Tuesday, 12 June 2012


 Recently the rehoming centre has been presented with a number of dogs found by members of the public which to our delight, turned out to be microchipped. However, in some cases the details on the database were that of the breeder or the owner had since moved or changed their contact telephone number.

After some detective work by our staff, we did eventually manage to re-unite some of the dogs with their owners.

We hope that by writing this blog, it will remind people to register their own details and to keep these up to date and also to dispel any myths people may have about microchipping!

Is it a legal requirment to microchip your dog?

No, however the Control of Dogs Act (1986) states that all dogs must wear a collar and identification tag while in a public place.

The owner's contact information should be clearly legible and should ideally include a contact telephone number and address.

Identification tags should be of a good quality, durable material with a solid connection to the collar.

Why should I microchip my dog?

Collars and tags can easily be removed so permanent identification such as microchipping should be considered by all dog owners.

Even if you have a secure area for your dog, there is always the possibility they may be mistakenly let out or escape. All dogs picked up by wardens, rescue organisations and those handed into veterinary practices are routinely scanned for a microchip.

We also have to face the reality that many dogs are stolen in Ireland each year. Sometimes these dogs are sold on, used for breeding or other purposes and can be found very far away from home.

What is a microchip?

A microchip is a Radio Frequency Identification Device (RFID). It is composed of a tiny radio receiver and transmitter, enclosed in glass with or without a plastic coating.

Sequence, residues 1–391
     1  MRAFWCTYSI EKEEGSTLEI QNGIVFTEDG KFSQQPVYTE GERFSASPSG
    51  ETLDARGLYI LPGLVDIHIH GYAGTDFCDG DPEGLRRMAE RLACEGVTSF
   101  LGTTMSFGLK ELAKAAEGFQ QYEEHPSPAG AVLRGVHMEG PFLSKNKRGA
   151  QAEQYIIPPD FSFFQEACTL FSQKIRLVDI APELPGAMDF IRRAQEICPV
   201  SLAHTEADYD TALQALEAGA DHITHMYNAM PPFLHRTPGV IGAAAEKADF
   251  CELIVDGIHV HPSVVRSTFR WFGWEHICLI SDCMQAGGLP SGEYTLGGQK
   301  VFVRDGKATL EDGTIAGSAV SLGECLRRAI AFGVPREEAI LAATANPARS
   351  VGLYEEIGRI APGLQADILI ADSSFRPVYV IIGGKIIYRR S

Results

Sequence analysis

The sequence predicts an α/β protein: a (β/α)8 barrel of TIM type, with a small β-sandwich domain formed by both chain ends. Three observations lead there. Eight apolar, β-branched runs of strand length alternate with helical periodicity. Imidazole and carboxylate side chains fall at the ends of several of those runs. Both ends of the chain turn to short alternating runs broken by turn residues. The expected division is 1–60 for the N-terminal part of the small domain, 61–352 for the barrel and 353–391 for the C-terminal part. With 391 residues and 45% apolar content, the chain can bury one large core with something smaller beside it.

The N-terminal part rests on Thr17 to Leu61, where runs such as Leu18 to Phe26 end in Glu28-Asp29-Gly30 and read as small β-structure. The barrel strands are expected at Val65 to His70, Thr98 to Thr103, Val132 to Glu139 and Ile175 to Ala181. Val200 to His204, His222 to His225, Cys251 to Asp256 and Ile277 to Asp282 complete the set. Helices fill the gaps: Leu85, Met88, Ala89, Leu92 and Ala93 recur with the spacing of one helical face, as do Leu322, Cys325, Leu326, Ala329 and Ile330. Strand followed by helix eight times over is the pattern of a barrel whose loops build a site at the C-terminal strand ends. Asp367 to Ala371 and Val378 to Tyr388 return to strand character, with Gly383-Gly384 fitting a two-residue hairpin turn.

How long to microchips remain active for?

Microchips generally remain active for decades.

What size is a microchip?

Microchips are approximately 12mm in length and 1mm in diameter, about the size of a grain of rice!

How does a microchip work?

The microchip lies dormt under the dog's skin, usually between the shoulder blades. When an appropriate reader is used, a radio signal is emitted to the microchip. The signal pwers it up and the chip transmits a signal containing the 15 digit number back to the reader.

So how am I contacted?

If you pet is found and scanned, their microchip number is entered into the database where your contact details have been recorded.

However, if a microchip has not been registered to the current owner, they cannot be contacted.

We cannot stress enough the importance of ensuring your contact details are registered, not the breeder or rescue organisation's details. Remember that many years could pass before you pet escapes or becomes lost and at that stage, the breeder or rescue may no longer have your details. There, should you change address or phone number (especially mobile phone number) you must ensure you update your details on the database!

To check if your details are registered, simply enter your pet's microchip number on http://www.europetnet.com/ or http://www.petmaxx.com/

Where can I get my pet microchipped?

Your pet can be microchipped at any veterinary practice. The most important aspect of microchipping is that your register your details on the implanter's database. You will receive paperwork to complete this from your veterinary practicioner. Most databases allow online completion and instant registration.

If you are not comfortable with the internet and want your pet immediately registered, as your veterinary practice to assist you.

Best practice

It is best practice to have your pet scanned each time he/she visits your local vet, just to ensure to chip has not moved and is still active.

Please also ensure, in the unfortunate event that your dog is taken, please report the dog as stolen to the microchip database.

Here's a link to our website where you can read more about microchipping

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